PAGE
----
• Parent-adolescent conflict measured via the Parent Issues Checklist- Revised completed by the parent - Change from baseline [ Time Frame: At baseline - optimally titrated (if medicated); after group treatment or 12 weeks after optimally titrated; 4 months after group treatment or 7 1/2 months after optimally titrated; 8 months after group treatment or 11 1/2 months after optimally titrated ]
Original Secondary Outcome Measures  ICMJE
 (submitted: October 1, 2015)
  • Organizational skills (measured via Children's Organizational Skills Scale (COSS) completed by adolescent and parent) - Change from baseline [ Time Frame: At baseline - optimally titrated; after group treatment or 14 weeks after optimally titrated; 4 months after group treatment or 7 1/2 months after optimally titrated; 8 months after group treatment or 11 1/2 months after optimally titrated ]
  • Emotional adjustment - (including ODD, conduct disorder symptoms, depression, and anxiety) measured via Stony Brook Child and Adolescent Symptom Inventory - 5 (CASI-5) completed by adolescent and parent - Change from baseline [ Time Frame: At baseline - optimally titrated; after group treatment or 14 weeks after optimally titrated; 4 months after group treatment or 7 1/2 months after optimally titrated; 8 months after group treatment or 11 1/2 months after optimally titrated ]
  • Self-esteem - evaluated via Rosenberg Self Esteem Scale (RSES) completed by the adolescent - Change from baseline [ Time Frame: At baseline - optimally titrated; after group treatment or 14 weeks after optimally titrated; 4 months after group treatment or 7 1/2 months after optimally titrated; 8 months after group treatment or 11 1/2 months after optimally titrated ]
  • Social skills measured via Social Skills Improvement System (SSIS) completed by adolescent and parent - Change from baseline [ Time Frame: At baseline - optimally titrated; after group treatment or 14 weeks after optimally titrated; 4 months after group treatment or 7 1/2 months after optimally titrated; 8 months after group treatment or 11 1/2 months after optimally titrated ]
  • Parent-adolescent conflict measured via the Parent Issues Checklist- Revised completed by the parent - Change from baseline [ Time Frame: At baseline - optimally titrated; after group treatment or 14 weeks after optimally titrated; 4 months after group treatment or 7 1/2 months after optimally titrated; 8 months after group treatment or 11 1/2 months after optimally titrated ]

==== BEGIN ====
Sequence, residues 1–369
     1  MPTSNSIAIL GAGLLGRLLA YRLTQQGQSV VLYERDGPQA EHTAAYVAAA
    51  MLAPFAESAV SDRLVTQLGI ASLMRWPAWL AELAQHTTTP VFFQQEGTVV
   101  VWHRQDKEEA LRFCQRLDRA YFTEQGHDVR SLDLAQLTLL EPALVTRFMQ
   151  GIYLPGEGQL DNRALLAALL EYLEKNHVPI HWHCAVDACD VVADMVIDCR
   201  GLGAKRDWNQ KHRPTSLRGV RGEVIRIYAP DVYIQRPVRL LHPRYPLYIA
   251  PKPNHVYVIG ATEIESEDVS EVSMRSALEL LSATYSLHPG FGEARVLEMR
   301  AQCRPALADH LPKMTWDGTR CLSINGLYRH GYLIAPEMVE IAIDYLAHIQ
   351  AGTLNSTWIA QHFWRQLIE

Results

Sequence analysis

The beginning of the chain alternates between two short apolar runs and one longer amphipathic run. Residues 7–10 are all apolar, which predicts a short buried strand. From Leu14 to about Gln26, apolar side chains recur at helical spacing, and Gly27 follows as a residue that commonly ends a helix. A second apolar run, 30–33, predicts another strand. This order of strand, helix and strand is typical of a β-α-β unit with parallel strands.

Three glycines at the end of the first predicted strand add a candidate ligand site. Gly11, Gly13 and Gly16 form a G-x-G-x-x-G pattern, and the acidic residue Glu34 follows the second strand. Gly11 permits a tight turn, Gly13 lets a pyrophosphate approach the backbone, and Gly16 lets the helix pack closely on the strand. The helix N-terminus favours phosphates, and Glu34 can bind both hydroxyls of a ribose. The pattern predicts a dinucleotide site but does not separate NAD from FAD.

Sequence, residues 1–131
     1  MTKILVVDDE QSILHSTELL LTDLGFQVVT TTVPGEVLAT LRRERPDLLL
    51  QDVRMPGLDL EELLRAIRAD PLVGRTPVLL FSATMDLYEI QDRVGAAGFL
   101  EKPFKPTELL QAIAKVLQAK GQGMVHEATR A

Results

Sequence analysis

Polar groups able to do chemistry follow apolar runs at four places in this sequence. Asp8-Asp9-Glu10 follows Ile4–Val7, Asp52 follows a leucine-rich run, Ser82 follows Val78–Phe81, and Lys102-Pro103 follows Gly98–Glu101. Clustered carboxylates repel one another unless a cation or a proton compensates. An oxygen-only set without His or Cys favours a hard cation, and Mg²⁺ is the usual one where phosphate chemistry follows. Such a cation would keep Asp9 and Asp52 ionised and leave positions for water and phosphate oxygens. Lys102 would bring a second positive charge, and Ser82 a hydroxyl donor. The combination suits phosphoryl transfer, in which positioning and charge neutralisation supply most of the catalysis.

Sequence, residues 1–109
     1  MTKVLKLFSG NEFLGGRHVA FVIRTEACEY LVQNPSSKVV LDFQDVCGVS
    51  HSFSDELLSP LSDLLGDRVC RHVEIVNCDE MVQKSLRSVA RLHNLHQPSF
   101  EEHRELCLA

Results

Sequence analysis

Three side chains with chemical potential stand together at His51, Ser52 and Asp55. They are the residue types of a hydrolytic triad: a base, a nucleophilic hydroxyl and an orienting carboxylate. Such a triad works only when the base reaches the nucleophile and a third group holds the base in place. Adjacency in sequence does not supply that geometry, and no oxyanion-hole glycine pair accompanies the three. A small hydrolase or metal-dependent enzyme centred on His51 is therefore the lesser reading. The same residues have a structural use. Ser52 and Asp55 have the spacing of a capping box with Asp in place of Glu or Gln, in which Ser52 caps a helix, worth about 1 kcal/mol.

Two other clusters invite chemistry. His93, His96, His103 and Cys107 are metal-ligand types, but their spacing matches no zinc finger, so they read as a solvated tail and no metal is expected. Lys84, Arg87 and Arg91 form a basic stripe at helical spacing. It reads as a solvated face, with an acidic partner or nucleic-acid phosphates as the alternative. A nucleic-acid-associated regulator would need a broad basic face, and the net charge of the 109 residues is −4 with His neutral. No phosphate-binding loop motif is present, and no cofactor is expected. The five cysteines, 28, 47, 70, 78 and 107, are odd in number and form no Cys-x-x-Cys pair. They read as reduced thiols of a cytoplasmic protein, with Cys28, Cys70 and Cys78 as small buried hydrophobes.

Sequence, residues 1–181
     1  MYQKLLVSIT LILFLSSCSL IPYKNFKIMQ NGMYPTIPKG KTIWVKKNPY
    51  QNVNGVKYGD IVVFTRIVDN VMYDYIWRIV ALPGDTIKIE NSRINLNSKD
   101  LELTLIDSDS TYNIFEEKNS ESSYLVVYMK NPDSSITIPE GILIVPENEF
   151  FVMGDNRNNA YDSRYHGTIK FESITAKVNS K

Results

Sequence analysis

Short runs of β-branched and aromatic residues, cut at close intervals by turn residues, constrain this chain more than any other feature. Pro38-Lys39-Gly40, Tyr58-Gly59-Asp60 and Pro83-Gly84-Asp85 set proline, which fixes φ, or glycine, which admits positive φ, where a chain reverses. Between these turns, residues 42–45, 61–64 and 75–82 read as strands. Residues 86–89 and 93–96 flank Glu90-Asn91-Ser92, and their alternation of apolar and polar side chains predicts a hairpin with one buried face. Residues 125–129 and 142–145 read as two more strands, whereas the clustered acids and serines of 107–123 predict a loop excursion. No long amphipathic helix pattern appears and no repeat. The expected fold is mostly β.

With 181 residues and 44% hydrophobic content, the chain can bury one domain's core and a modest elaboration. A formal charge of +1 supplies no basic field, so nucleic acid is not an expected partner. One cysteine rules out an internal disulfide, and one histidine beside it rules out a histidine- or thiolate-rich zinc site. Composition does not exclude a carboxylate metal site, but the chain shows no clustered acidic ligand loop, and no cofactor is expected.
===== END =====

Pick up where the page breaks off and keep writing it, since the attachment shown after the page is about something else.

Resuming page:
Current Other Pre-specified Outcome Measures
 (submitted: September 18, 2017)
  • Global functional impairment measured using Weiss Functional Impairment Rating Scale (WFIRS) completed by the adolescent and the parent - Change from baseline [ Time Frame: At baseline - optimally titrated (if medicated); after group treatment or 12 weeks after optimally titrated; 4 months after group treatment or 7 1/2 months after optimally titrated; 8 months after group treatment or 11 1/2 months after optimally titrated ]
  • Global functional impairment measured via Sheehan Disability Scale, completed by adolescent, parent, and a blind clinician - Change from baseline [ Time Frame: At baseline - optimally titrated(if medicated); after group treatment or 12 weeks after optimally titrated; 4 months after group treatment or 7 1/2 months after optimally titrated; 8 months after group treatment or 11 1/2 months after optimally titrated ]
  • Global functional impairment measured via Clinical Global Impression Scale (CGI) completed by a blind clinician - Change from baseline [ Time Frame: At baseline - optimally titrated (if medicated); after group treatment or 12 weeks after optimally titrated; 4 months after group treatment or 7 1/2 months after optimally titrated; 8 months after group treatment or 11 1/2 months after optimally titrated ]
Original Other Pre-specified Outcome Measures
 (submitted: October 1, 2015)
  • Global functional impairment measured using Weiss Functional Impairment Rating Scale (WFIRS) completed by the adolescent and the parent - Change from baseline [ Time Frame: At baseline - optimally titrated; after group treatment or 14 weeks after optimally titrated; 4 months after group treatment or 7 1/2 months after optimally titrated; 8 months after group treatment or 11 1/2 months after optimally titrated ]
  • Global functional impairment measured via Sheehan Disability Scale, completed by adolescent, parent, and a blind clinician - Change from baseline [ Time Frame: At baseline - optimally titrated; after group treatment or 14 weeks after optimally titrated; 4 months after group treatment or 7 1/2 months after optimally titrated; 8 months after group treatment or 11 1/2 months after optimally titrated ]
  • Global functional impairment measured via Clinical Global Impression Scale (CGI) completed by a blind clinician - Change from baseline [ Time Frame: At baseline - optimally titrated; after group treatment or 14 weeks after optimally titrated; 4 months after group treatment or 7 1/2 months after optimally titrated; 8 months after group treatment or 11 1/2 months after optimally titrated ]
 
Descriptive Information
Brief Title  ICMJE Cognitive Behavioral Therapy for Adolescents With Attention-Deficit / Hyperactivity Disorder
Official Title  ICMJE A Cognitive Behavioral Therapy Group Intervention for Adolescents With Attention-Deficit / Hyperactivity Disorder
Brief Summary